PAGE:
America's economic prosperity in the 21st century will depend on effective cybersecurity, President Obama said Friday as he announced a new comprehensive approach to the issue and promised to appoint a White House cybersecurity czar.
During a 16-minute speech to announce the release of a 60-day review of cybersecurity by Melissa Hathaway, acting senior director for cyberspace at the National Security Council, Obama emphasized the importance of safeguarding the nation's digital infrastructure, which he called "the backbone that underpins a prosperous economy and a strong military, and an open and efficient government."
"Cyberspace is real. And so are the risks that come with it," Obama said. He revealed that between August and October 2008 hackers penetrated his campaign's computer systems and gained access to e-mails and files, including travel plans and policy position papers. "I know how it feels to have privacy violated because it has happened to me and the people around me," the president said.
Obama plans to personally select a new national cybersecurity coordinator to head the office at the White House. He promised to treat networks and computers as a strategic national asset and said protecting them will be a national security priority.
"Our technological advantage is a key to America's military dominance. But our defense and military networks are under constant attack," Obama said, noting that al Qaeda and other terrorist groups have threatened to unleash cyberattacks on the United States. "Indeed, in today's world, acts of terror could come not only from a few extremists in suicide vests but from a few key strokes on the computer -- a weapon of mass disruption."
Computer security experts hailed the speech.
"I'm delighted to see the emphasis on cybersecurity," said Ed Amoroso, chief security officer for AT&T. "[The report] establishes some credibility, not just for Hathaway but for this branch of government demonstrating that 'we get it.' "
Alan Paller, director of the SANS Institute, which provides computer security research and training, said elevating control of cybersecurity from the Homeland Security Department to the White House will make it easier to secure industry cooperation. Paller also praised Obama for saying the cybersecurity coordinator would work closely with recently appointed federal chief information officer Vivek Kundra and chief technology officer Aneesh Chopra. That puts the power of the Office of Management and Budget behind the coordinator -- which, Paller said, should provide "real value."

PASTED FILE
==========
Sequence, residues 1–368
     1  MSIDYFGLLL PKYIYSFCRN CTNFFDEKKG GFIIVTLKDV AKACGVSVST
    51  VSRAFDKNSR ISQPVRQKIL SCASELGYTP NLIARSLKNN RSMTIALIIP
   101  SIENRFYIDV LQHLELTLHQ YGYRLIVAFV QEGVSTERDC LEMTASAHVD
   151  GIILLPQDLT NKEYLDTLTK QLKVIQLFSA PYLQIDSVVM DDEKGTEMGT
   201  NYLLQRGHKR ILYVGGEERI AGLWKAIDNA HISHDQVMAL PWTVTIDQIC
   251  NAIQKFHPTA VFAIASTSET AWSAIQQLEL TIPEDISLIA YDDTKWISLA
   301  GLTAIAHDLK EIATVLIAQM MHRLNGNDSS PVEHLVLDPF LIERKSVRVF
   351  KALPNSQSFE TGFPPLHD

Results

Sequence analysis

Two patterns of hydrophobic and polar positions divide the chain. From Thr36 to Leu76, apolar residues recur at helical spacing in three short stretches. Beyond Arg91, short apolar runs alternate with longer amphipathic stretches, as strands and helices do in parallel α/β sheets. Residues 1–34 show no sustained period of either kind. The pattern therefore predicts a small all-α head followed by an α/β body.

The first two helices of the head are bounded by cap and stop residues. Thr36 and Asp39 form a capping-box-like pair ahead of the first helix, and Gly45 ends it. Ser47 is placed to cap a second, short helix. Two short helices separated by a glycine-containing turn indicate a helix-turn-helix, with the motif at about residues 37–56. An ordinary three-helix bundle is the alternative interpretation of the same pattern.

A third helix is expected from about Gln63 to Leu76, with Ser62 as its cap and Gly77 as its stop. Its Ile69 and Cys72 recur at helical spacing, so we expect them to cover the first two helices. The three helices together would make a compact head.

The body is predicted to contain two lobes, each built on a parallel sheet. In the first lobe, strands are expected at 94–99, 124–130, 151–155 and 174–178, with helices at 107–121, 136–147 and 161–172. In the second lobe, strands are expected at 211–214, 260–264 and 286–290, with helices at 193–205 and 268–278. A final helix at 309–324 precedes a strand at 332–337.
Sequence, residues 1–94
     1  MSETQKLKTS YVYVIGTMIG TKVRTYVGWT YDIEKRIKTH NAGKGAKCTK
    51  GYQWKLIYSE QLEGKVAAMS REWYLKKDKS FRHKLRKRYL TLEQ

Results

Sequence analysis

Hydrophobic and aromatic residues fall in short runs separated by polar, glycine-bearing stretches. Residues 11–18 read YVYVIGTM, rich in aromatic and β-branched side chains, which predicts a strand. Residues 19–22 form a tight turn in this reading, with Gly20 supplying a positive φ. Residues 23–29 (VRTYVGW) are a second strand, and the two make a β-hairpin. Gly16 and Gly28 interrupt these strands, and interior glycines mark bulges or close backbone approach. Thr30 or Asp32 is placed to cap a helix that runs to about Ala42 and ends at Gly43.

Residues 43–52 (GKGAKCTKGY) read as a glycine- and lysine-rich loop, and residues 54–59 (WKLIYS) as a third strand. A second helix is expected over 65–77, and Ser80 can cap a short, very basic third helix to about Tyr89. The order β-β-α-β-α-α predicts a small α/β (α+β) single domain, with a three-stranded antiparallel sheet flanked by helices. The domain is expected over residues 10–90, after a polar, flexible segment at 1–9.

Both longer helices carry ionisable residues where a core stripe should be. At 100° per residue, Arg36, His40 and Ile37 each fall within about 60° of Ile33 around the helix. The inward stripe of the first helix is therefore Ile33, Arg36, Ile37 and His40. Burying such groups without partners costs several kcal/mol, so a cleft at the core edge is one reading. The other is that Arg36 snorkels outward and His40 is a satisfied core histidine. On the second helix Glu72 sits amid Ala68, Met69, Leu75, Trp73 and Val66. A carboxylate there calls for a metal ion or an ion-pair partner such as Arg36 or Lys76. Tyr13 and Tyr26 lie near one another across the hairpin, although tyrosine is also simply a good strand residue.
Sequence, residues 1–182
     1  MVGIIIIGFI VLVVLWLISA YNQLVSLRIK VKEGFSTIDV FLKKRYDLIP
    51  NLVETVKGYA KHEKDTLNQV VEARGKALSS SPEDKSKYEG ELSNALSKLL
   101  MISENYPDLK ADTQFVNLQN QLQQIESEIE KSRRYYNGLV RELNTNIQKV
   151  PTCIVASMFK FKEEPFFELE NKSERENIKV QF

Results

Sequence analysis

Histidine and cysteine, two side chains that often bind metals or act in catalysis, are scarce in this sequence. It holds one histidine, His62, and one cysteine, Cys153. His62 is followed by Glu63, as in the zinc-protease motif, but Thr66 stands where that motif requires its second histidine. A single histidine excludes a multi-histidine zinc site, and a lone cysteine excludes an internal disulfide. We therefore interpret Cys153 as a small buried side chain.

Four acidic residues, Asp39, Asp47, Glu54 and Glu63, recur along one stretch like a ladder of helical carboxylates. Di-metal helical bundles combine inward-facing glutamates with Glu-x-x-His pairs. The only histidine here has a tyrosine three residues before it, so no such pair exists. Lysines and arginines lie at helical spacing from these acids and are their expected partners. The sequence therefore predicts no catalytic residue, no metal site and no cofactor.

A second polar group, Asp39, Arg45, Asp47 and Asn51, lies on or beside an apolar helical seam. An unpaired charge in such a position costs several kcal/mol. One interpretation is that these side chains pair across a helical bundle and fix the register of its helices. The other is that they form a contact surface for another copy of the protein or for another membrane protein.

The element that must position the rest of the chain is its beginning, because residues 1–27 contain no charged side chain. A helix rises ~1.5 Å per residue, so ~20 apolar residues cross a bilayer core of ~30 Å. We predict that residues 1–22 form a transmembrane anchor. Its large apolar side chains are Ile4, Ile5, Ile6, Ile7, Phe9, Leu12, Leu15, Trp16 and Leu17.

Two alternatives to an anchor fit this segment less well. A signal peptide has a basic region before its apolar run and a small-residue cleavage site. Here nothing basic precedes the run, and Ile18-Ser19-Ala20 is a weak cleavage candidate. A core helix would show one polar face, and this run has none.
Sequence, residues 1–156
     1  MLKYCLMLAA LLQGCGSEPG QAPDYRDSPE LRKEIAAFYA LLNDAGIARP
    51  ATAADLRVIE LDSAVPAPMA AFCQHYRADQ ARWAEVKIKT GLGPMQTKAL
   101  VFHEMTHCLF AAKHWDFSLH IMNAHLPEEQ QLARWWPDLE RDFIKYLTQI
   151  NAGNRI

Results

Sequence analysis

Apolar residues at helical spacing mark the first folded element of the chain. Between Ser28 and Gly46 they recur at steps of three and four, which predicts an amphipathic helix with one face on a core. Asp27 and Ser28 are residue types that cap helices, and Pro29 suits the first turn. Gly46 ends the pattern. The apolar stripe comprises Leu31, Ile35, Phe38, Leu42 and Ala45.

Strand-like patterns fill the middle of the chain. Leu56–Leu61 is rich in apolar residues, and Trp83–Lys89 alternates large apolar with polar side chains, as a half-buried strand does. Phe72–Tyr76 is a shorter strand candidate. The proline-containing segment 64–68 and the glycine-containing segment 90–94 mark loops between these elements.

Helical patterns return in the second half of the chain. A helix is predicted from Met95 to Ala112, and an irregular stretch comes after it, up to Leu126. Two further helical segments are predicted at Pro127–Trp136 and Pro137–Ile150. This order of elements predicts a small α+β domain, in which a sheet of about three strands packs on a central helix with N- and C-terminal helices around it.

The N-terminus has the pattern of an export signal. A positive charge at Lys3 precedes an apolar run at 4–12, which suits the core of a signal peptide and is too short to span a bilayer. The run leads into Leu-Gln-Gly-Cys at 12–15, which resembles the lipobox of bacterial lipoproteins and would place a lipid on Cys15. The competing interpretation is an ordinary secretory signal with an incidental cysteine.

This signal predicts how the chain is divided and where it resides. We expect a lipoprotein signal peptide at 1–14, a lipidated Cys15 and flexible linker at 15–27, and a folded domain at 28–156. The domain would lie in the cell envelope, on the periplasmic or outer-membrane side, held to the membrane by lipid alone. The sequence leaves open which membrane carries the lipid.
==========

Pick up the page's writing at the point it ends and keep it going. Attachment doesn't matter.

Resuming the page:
Those expecting Obama to name his cybersecurity czar on Friday were disappointed. Speculation has centered on Hathaway as the likely choice. The president also did not offer details on how the new cybersecurity office would be structured, though he said it will include an official "specifically dedicated to safeguarding the privacy and civil liberties of the American people."
Obama pledged that his administration would not monitor private networks or Internet traffic in pursuit of cybersecurity. "We will preserve and protect the personal privacy and civil liberties that we cherish as Americans," he said.
Some industry watchers expressed disappointment with the level of detail in the report, noting that it does not contain specifics on how the government plans to secure networks.
"It's frustrating to some extent for everybody trying to look forward to the future to not have more detail," said Mark Cohn, vice president of integrated security programs at Unisys Federal Systems. Cohn said the administration likely doesn't want to call attention to the military side of the equation, which would involve the capability to launch offensive cyberattacks. "Self-defense to some extent requires you to have offensive capability," he said.
Paller said critics of the report might have been expecting too much. He said the most important step the administration promised is a plan to use procurement dollars to provide incentives for software vendors and systems integrators to build security into their products upfront. He said agency chief information officers will be responsible for ensuring new systems and software are secure, but the policy change will significantly improve cybersecurity.
"I'm excited," Paller said. "This is one of the great days."